The Higher End: From an Editor's Notebook
- Downloadable DSD
It's about time that this old column of mine was back.
Back in our print days, every issue of Positive Feedback would lead off with some reflections from me, covering whatever was on my mind/in my notebook as a given issue was pulling out from the station. There's something to be said for free-form essays on the fly, as opposed to formal essays or review projects. They're improvisational, and give me some elbow room… a good thing. And it was a helpful way to get the news about developments out to our readers directly, without formal reviewing.
So I'm going to try them again, on as regular a basis as possible.
In which our hero meditates…
"And there's a slow, slow train comin', up around the bend!" – Bob Dylan
What if we decouple DSD from SACD?
I've been thinking about this a lot over the past few months. And I'm not alone.
What's more, it is a reality. Now.
Playback Designs MPD-5 DAC… do DSD from a hard drive via USB!
There are very significant new developments in DSD-ville. As Andreas Koch reported in our last issue (Issue59/dsd2.htm), a collection of audio industry companies and labels have committed themselves to an Open Standard for DSD-over-USB. This will come to include stereo (mono included) and multi-channel DSD files. The basic framework of the stereo specification is done; the multi-channel is under construction. With this development, which allows the piping of DSD files (e.g., .DFF and .DSF) over USB from a computer's DSD-compatible media player/server to a DSD-capable DAC, the era of downloadable DSD is now arriving. Andreas informs me that a significant number of companies have now expressed support for the standard, or are ready to do so. This will smooth the way for downloadable DSD to become a viable format for music labels and audio distributors, since the technical aspects of delivery and playback are now being overcome quite successfully.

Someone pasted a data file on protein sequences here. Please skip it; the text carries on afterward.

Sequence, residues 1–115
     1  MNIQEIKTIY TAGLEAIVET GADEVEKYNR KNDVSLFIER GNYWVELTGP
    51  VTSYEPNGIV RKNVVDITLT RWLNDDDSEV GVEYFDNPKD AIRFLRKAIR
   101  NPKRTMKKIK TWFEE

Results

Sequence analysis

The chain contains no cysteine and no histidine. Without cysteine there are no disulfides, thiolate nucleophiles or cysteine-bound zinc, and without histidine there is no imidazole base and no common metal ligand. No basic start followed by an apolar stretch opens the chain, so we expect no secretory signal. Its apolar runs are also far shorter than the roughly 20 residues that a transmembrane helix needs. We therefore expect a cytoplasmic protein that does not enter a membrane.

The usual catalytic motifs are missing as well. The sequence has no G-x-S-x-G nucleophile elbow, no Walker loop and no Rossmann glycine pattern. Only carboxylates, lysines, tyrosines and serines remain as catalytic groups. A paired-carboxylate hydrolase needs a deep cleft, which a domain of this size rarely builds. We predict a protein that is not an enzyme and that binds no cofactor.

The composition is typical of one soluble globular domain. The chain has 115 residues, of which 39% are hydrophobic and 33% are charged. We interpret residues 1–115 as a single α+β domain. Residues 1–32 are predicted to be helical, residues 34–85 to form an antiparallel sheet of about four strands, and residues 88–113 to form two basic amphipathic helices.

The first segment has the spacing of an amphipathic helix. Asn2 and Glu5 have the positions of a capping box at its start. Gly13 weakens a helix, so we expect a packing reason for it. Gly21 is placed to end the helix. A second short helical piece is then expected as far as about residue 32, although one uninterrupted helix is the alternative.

In fact, I am downloading a pure DSD recording from Channel Classics of an album of music by Shostakovich as I am writing this column. Jared Sacks and company have developed a great interface and downloader for their DSD files, one that makes it pretty easy to purchase their recordings in whatever format you want them…including the 64fs (2.8224 mHz) .DFF files that I am downloading and listening to right now. The clarity and purity of DSD over the Playback Designs MPS-5 with USB-X interface sets a true reference standard for our listening rooms…and you can have it right now!
Personally, I consider this to be the most important news in high-resolution formats in many years. It's no secret that I believe DSD, the key format transported on SACDs, to be the true reference format for fine audio. All the way back in 1999, I published that this new format represented "…mic feeds and master tapes for the masses…."
SACD was the optical format for the secure delivery of DSD files (e.g., .DFF and .DSF) via an SACD player. Those files are not bound to an optical format, however; provided that one has the files on hard disk, and a way to deliver them to a DSD-compatible DAC via a DSD-capable music server/playback application, then the resulting analog output can be sent to your audio system in the usual way.
Until recently, the only way to hear DSD files directly was to have a DSD recorder with its A/D and D/A sections playing back the files from hard disk or magneto-optical disc. Mike Pappas did this for me back in 2001, when he brought the Genex DSD recorder to my listening room…we were both on our way to VSAC 2001, where his recordings wowed the crowds. Hearing those original big-band jazz recordings so directly was truly amazing… they really lit up my listening room!
Mike Pappas' 8-channel DSD Genex recorder in my listening room, back in 2001… DSD straight from the M-O discs.
DSD Hardware and Software
These days, you can easily purchase very portable DSD recorders from Korg or Tascam, or higher-end gear like the Sonoma workstation or alternatives from companies like Pyramix/Merging Technologies, EMM Labs, Genex, Mytek, or dCS. In fact, there are companies that use Korg recorders to provide source material for audio shows/events (e.g., Kubala-Sosna) or to playback original DSD (64fs) or Double DSD (128fs) recordings, (e.g., MA Recordings).